Published Feb 12, 2015Ariel Pink's lanky build and post-Cobain hairdo were only the surface of the odd presence that he brought with him to the Rickshaw Theatre. After unconfidently greeting the audience, he asked for more smoke to fill the stage, at first jokingly, but eventually he grew insistent about it, demanding more smoke before he could start. By the time he started playing, it seemed pretty clear that the man behind the oversized reflective shades was not intent on acknowledging the audience directly.
Backing Ariel was a five-piece band with characters as diverse and intriguing as himself. The group of multi-instrumentalists provided the rich sonic arrangements characteristic of the Haunted Graffiti with guitars, synthesizers and vocals ranging from rich harmonies to bizarre character impersonations. The cherry on top was a saxophone that was only ever played when doubled by Ariel's own vocalized saxophone impression.
True to Pink's recorded material, his concert performance is structured as a schizophrenically sequenced stream of consciousness, with themes and twists constantly taking turns for the weirder. However, between the moments of Frank Zappa-esque pastiche and beneath a constant sense of tongue-in-cheekness, there were moments of absolute emotional sincerity creeping into the most unexpected places, such as in the dystopian "Not Enough Violence," which vents the surprisingly relatable frustrations of humans being farmed for power.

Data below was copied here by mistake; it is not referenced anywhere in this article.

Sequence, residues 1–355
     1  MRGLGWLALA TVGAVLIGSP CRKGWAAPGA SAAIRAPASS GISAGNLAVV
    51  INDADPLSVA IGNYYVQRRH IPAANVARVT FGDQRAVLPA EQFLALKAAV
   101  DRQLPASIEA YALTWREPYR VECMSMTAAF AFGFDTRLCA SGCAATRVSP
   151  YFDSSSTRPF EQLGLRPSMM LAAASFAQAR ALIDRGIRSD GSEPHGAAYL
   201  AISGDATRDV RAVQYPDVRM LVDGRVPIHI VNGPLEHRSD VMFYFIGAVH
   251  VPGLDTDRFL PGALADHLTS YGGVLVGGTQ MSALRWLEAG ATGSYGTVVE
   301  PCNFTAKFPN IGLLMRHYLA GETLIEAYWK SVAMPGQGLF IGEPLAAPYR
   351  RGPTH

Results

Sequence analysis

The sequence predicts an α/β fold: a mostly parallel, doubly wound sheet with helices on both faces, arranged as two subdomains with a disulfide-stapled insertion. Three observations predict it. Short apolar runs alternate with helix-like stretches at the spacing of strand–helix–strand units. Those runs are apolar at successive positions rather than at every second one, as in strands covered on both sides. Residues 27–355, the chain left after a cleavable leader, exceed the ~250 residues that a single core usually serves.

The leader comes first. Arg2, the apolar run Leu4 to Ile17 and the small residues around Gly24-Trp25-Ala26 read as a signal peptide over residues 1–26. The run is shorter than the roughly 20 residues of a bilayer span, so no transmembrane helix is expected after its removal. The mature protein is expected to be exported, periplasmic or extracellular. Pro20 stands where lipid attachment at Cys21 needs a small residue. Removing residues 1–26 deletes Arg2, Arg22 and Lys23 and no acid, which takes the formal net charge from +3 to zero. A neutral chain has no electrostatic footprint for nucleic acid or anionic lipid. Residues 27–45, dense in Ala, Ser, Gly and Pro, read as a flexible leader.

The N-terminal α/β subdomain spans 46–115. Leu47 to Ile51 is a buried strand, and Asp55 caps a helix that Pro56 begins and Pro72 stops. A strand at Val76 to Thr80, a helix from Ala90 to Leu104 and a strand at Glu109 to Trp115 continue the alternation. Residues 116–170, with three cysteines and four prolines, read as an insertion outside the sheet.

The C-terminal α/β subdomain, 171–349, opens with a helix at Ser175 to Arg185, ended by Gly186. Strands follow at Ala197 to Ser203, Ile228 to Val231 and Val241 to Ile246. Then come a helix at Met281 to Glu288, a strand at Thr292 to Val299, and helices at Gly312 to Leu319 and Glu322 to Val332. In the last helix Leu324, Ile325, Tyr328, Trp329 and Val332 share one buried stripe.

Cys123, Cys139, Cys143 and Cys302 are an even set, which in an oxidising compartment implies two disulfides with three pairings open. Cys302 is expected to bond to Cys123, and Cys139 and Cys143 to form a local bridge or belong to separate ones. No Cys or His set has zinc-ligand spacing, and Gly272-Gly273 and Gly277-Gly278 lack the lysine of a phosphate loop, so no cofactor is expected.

Pink's unpredictable presence wasn't the only theatrical element of the show. The band staged an entire scene true to the album version of "Black Ballerina," featuring Ariel as Billy, an archetypically shy boy, whose first encounter with a topless dancer — voiced by the drummer sporting a police hat — ends predictably disastrously. Finishing off over the song's neurotically looping synth bass, the lead character starts speaking in reverse as fluently as the impish man from another place in Twin Peaks.
The band played the bulk of Pom Pom, which the drummer later cheekily referred to as Ariel Pink's Pink Album. Beyond the face value similarity to the seminal White Album, the sheer size of the 17-track effort, coupled with the range of ideas packed in it, make it a surprisingly mature release, one that could make for a great children's album too. The band followed it up with a more subdued encore, lulling the audience with some of the more dreamy and straightforwardly lovable songs from past records.
Opening act Jack Name were quite the foil for Ariel's magical mystery show, a trio tightly huddled around a nest of electronics and guitars playing hypnotic Krautrock-tinged pieces with a cool and composed manner. In contrast to the comfort of the introverted psychedelia of the openers, Pink's extroverted sonic and verbal barrage was one that forced you to engage.